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Any experience with these?

I will be replacing an old boiler that was installed in a pit, unfortunately the original contractor did not diagram or take any pics of the near boiler piping before the abatement crew came in an removed the boiler. I am going to post some more pics of the system tonight. At first I thought it was an inverted bucket trap, but it has a 3/4" line coming off the top running into the top of a 3" elbow on one of the steam mains, the 2" off the bottom is going into the wet return. Any thoughts would be appreciated.

Comments

  • Enreynolds
    Enreynolds Member Posts: 119
    What you have there

    Is a Boiler return trap.  It was used to return condensate to the boiler much the same way a modern condensate pump does today.  A simplified explanation: A float in the chamber rises on condensate which in turn opens a valve to allow steam pressure  from the main to enter the chamber and "push"  the condensate back to the boiler.  The two plugs visible on the side probably originally where stopcocks for a sight-glass.  I am sure that someone here with more experience can offer more insight.
  • dgordon
    dgordon Member Posts: 7
    Trane #11 Direct Return Trap

    I'm pretty sure that's what it is, now trying to decide whether to replace it with a vaporstat or just leave it. Thanks for the reply 
  • MotownSteamer
    MotownSteamer Member Posts: 110
    Yes, that's exactly what that is

    I have one too. When I replaced my boiler I asked the installer to pipe it back in. It will likely never see action, but I like the original look and you can't have too many back up devices. From what I understand, these units were basically pressure equalizers in the coal fired, pre-limit controller days.



    Here's an old Trane publication; there's a cutaway of the #11 plus lots of other cool stuff:



    http://www.heatinghelp.com/files/articles/1392/26.pdf
  • MotownSteamer
    MotownSteamer Member Posts: 110
    And...

    this device is not a substitute for a limit controller. A Vaporstat is the better choice over a pressuretrol, but the return traps have nothing to do with turning the burner on/off. Before I replaced the boiler, my pressures were climbing all the way to the cut-out (1.5 lbs) at which point this device was snapping like crazy. Your new boiler and Vaporstat (assuming they get installed properly) should have your system humming at very low pressure.



    I assume you have a two pipe vapor system?
  • dgordon
    dgordon Member Posts: 7
    Yes

    It is a 2 pipe system. From what I've read here it is a old Trane vapor system with the boiler down in a pit. The boiler was removed before I had a chance to look at near boiler piping or the boiler itself. New boiler will be WM EGH-95. I will post some pics today,  This will be my first 2 pipe system, so any input would be greatly appreciated.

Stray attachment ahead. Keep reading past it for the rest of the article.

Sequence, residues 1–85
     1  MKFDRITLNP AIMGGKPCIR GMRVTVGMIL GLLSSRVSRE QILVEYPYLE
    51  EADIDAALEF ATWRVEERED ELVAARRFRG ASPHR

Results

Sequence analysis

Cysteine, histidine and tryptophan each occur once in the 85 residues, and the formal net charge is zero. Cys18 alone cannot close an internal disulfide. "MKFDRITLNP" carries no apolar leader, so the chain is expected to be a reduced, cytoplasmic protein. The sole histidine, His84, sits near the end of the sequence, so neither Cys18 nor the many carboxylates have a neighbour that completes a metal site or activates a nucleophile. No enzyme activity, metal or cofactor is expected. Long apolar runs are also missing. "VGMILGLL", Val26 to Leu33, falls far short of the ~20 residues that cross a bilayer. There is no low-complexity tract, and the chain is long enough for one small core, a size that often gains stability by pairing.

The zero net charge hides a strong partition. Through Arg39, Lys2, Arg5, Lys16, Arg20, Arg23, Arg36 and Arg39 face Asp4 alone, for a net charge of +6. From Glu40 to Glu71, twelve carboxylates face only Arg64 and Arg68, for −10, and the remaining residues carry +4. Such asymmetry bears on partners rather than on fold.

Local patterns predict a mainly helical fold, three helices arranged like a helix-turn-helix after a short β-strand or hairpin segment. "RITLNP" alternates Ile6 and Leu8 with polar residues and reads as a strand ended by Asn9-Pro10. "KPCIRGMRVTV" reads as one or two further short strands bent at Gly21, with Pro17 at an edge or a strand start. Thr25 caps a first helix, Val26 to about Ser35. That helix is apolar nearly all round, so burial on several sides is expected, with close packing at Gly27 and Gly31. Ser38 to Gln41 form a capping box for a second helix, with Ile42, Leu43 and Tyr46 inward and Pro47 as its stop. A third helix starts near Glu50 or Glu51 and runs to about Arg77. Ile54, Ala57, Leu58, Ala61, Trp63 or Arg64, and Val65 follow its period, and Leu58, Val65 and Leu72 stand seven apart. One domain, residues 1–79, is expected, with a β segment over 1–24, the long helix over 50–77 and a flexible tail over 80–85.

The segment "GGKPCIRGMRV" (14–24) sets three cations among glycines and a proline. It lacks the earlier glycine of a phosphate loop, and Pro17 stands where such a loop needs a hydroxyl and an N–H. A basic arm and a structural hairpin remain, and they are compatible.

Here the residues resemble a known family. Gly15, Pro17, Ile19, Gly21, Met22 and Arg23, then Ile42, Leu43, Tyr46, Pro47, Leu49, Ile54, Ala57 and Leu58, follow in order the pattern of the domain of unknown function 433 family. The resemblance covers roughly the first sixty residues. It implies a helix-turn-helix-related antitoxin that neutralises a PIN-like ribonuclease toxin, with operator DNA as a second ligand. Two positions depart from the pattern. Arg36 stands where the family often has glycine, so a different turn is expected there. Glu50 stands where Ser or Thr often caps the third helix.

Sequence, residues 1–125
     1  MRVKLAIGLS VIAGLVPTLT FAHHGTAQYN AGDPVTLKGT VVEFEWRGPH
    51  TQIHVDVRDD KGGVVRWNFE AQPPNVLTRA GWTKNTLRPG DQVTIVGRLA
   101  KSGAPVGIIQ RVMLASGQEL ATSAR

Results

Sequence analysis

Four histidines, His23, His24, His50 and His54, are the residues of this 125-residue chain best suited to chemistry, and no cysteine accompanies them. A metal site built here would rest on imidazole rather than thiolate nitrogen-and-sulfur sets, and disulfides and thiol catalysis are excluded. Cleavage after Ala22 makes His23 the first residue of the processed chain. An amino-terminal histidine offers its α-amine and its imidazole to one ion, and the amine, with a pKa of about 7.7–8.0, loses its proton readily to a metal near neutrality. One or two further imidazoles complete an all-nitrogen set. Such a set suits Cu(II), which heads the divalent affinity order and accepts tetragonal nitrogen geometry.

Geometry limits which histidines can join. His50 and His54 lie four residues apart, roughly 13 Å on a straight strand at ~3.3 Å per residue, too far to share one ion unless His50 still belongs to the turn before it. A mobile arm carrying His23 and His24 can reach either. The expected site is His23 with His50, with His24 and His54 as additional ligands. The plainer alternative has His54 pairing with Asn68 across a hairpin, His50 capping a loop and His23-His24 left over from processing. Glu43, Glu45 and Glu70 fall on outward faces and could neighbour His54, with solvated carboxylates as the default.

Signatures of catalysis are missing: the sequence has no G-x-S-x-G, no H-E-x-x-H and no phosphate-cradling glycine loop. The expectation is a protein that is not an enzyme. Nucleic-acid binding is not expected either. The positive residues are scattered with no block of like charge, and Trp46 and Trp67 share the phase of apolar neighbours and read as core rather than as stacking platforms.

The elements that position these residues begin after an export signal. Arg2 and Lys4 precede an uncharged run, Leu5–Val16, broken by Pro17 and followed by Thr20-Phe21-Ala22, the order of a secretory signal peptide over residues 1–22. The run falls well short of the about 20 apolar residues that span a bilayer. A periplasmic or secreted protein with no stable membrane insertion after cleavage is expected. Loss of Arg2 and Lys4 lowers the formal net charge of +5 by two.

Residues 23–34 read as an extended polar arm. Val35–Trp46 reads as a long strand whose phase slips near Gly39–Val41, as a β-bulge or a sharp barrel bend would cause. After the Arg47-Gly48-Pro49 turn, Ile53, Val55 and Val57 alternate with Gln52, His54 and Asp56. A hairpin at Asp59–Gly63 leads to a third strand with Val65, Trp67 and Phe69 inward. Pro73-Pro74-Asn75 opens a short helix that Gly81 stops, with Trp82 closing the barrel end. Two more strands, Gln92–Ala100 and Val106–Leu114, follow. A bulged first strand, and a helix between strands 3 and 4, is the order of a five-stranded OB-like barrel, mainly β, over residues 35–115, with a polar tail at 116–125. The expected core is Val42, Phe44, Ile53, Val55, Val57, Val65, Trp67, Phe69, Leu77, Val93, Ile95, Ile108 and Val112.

• MotownSteamer
    MotownSteamer Member Posts: 110
    First of all...

    welcome!



    The old boiler was in a pit for a reason, so I would not suggest filling it in for aesthetics. Don't worry about not photographing the old piping. Your new boiler should be piped exactly to manufacturer specs-or better, such as a drop header.



    As you probably already know, steam systems are not just about the boiler, so make sure your traps and vents are working.



    If you don't have Dan's books already, get them. "Lost Art" has a section on two-pipe, vapor, etc. that you'll want to read.



    Oh, and look for your cross over traps now. With the boiler removed it'll be easier to inspect and repair/replace now since they are usually found over head in a tight corner of the boiler room!
  • dgordon
    dgordon Member Posts: 7
    Boiler Pit

    I was planning on raising the boiler to get the new water line above the wet returns, I haven't measured yet for my b dimension. The old boiler had 3 risers coming off the top,  one 3" and two 4". I am going to take one 4" out and pipe to the remaining 3" & 4" drops. Do you see any problem with that? I do plan on making a dropped header
  • dgordon
    dgordon Member Posts: 7
    Lost Art

    Book in hand, just got it couple of days ago. I'm sure I will be carrying it around with me for the next week. I have too say, this site is blessing. You guys are very helpful and generous with your knowledge, much appreciated.
  • MotownSteamer
    MotownSteamer Member Posts: 110
    disclaimer

    First of all, I'm a homeowner so I'm on shaky technical ground when it comes to boiler installation.



    Second, if you could take some pics of the boiler area, overhead piping, etc. it would help us advise you.



    Three risers? I've never seen that. How big is the building? Are you the contractor or homeowner?



    As to the "B" dimension, there are several ways to skin a cat. Assuming the new boiler has a different footprint (height) and there is enough room overhead, you might be able to get the coveted 28" and fill in the pit.
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